Griscelli Syndrome Associated With Hemophagocytic Lymphohistiocytosis
September 2012 | Volume 11 | Issue 9 | Original Article | 1126 | Copyright © 2012
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Griscelli syndrome (GS) is a rare autosomal recessive disorder characterized by partial albinism, hepatosplenomegaly, pancytopenia, hepatitis, immunologic abnormalities, and lymphohistiocytosis.1 Here, we describe a case of Griscelli syndrome associated with hemophagocytic lymphohistiocytosis (HLH).
A female, aged 2 months, was transferred to our hospital with thrombocytopenia, s/p splenectomy, hyperbilirubinemia, and atypical myelodysplasia. She was born at 36 weeks gestation by C-section for abnormal fetal heart sounds. On physical exam, she had bronze, jaundiced skin with scleral icterus. Her hair was silvery-gray with a metallic sheen on the frontal scalp and brown on the temporal and occipital scalp (Figure 1). She had retention hyperkeratosis of the frontal scalp. Her liver was palpated 3 cm to 4 cm below the costal margin. Total leukocyte count was 41000 per mm3 and platelet count was 18,000 per mm3. Total bilirubin was 4.7 mg per dL, AST was 235 U per L, and ALT was 106 U per L. Ferritin was 1394 ng per mL (NL: 7-91). She was diagnosed with HLH based on the presence of fever, history of splenomegaly, cytopenias of 2 of 3 lineages in the peripheral blood, elevated ferritin, and soluble IL2 >2400 units per mL. Light microscopy showed large clumps of melanin granules along the hair shaft, consistent with Griscelli syndrome (Figure 2). The patient was started on 8 weeks of induction chemotherapy with dexamethasone, etoposide, and cyclosporine.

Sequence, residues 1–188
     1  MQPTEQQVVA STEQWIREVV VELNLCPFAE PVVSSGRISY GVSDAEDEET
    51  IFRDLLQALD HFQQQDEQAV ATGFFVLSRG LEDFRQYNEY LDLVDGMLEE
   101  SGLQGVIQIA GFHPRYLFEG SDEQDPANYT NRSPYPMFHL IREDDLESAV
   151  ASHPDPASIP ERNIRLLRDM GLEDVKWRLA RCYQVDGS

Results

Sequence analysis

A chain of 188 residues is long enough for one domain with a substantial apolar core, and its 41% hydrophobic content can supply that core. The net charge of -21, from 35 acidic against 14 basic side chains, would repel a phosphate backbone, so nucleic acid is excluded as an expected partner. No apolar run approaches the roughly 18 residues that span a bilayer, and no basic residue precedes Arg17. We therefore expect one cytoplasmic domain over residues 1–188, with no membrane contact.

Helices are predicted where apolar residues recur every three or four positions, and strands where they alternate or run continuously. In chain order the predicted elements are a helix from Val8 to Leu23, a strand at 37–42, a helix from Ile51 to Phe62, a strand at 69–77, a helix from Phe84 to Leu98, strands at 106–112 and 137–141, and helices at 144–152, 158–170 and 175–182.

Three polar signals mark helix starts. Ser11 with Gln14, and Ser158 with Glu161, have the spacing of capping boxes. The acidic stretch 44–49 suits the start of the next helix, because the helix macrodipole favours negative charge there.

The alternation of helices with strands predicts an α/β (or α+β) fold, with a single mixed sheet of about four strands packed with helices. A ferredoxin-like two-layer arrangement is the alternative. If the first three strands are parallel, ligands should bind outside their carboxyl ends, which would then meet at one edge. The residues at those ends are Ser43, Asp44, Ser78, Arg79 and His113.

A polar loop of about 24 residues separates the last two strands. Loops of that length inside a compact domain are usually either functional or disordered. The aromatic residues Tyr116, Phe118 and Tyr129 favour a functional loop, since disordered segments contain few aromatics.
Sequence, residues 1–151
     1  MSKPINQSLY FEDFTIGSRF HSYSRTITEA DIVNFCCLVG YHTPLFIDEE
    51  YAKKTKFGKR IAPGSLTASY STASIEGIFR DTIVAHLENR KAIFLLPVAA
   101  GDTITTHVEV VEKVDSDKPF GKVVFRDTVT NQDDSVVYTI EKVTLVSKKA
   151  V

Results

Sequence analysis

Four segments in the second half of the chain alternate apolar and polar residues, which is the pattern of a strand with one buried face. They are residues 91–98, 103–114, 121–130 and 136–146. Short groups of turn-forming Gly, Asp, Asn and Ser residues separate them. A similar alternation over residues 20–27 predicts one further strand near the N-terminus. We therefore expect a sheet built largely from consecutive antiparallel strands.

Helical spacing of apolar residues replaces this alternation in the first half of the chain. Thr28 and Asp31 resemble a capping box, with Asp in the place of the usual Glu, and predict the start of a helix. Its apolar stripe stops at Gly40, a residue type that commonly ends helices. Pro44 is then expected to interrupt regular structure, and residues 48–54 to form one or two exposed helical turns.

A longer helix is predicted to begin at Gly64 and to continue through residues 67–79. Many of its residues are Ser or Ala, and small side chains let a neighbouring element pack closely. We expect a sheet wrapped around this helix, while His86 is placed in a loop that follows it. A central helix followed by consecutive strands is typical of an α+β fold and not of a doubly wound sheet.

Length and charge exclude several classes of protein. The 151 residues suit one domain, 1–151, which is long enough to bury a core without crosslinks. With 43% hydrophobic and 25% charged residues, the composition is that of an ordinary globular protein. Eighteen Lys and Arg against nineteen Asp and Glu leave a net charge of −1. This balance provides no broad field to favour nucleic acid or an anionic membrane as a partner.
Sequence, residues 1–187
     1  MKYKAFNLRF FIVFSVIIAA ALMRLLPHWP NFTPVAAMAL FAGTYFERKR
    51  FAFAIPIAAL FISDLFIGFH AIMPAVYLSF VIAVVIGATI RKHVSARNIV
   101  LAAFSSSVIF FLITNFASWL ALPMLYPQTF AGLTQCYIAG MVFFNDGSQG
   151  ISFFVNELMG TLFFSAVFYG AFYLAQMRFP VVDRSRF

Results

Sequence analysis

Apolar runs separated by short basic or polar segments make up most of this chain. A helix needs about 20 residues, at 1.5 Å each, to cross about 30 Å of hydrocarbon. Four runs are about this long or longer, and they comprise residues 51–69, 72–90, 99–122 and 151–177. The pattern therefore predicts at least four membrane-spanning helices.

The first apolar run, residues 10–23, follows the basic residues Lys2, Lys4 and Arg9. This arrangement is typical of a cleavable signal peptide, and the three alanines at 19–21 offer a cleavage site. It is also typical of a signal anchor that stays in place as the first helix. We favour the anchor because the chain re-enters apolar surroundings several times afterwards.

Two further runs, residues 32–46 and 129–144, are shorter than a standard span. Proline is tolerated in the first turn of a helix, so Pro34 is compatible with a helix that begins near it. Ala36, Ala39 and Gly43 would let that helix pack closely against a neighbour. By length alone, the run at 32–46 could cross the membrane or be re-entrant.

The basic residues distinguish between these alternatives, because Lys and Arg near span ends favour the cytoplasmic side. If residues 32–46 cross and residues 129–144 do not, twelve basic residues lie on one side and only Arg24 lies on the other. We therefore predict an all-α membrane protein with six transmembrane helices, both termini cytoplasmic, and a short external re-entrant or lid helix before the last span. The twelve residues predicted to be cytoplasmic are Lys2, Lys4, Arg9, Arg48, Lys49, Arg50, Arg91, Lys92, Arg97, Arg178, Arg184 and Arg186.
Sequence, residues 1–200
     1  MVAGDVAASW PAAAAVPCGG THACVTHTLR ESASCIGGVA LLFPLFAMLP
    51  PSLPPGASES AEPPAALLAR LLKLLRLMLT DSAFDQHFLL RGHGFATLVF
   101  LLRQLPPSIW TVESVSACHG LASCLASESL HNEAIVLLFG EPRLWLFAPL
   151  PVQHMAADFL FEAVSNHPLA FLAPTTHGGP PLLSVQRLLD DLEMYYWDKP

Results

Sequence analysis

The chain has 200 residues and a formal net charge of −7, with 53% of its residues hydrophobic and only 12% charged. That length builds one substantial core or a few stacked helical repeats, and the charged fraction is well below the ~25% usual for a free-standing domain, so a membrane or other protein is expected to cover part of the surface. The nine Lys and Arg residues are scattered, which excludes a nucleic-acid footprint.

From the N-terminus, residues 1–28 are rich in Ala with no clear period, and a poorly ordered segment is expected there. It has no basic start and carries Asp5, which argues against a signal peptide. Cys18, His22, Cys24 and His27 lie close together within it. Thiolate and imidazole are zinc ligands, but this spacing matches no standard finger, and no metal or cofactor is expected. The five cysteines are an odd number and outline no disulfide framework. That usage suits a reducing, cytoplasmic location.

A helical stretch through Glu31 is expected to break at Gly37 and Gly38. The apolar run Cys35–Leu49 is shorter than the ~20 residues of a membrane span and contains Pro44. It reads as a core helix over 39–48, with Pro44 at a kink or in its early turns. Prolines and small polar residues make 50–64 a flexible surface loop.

There have been less than 100 reported cases of Griscelli syndrome. Most patients have been diagnosed between 4 months and 7 years of age, with a mean age of about 17 months.1 Type 1 GS patients have neurologic symptoms and mutations in MYO5A. Prognosis depends on the severity of neurologic manifestations. Type 2 GS patients have mutations in RAB27A and hemophagocytic syndrome, with abnormal T-cell and macrophage activation. This type has a grave prognosis if untreated. Type 3 GS patients have mutations in melanophilin and are characterized by partial albinism.2 This type does not pose a threat to those affected.
Our patient has type 2 Griscelli syndrome, and following the 8 week induction of steroids and immunosuppressants, which can delay hyperactivation of lymphocytes and macrophages,3 she will proceed to stem cell/bone marrow transplant, which is used to treat HLH. The finding of silvery-gray hair, hepatosplenomegaly, and immune deficiency should alert clinicians to consider GS, since an early diagnosis may be life saving.
The authors have disclosed no relevant conflicts of interest.
- Mehdizadeh, Mahshid. Griscellli Syndrome: A Case Report. Pediatric Hematology and Oncology. 2007;24:525-529.
- Al-Idrissi E, et al. Premature birth, respiratory distress, intracerebral hemorrhage, and silvery-gray hair: differential diagnosis of the 3 types of Griscelli syndrome. J Pediatr Hematol Oncol. 2010;32(6):494-496.
- Malhotra, et al. Gricelli Syndrome. JAAD. 2006;55:337-340.
Address for Correspondence
Porcia B. Love MD
Duke Department of Dermatology
Phone: (919) 970-9395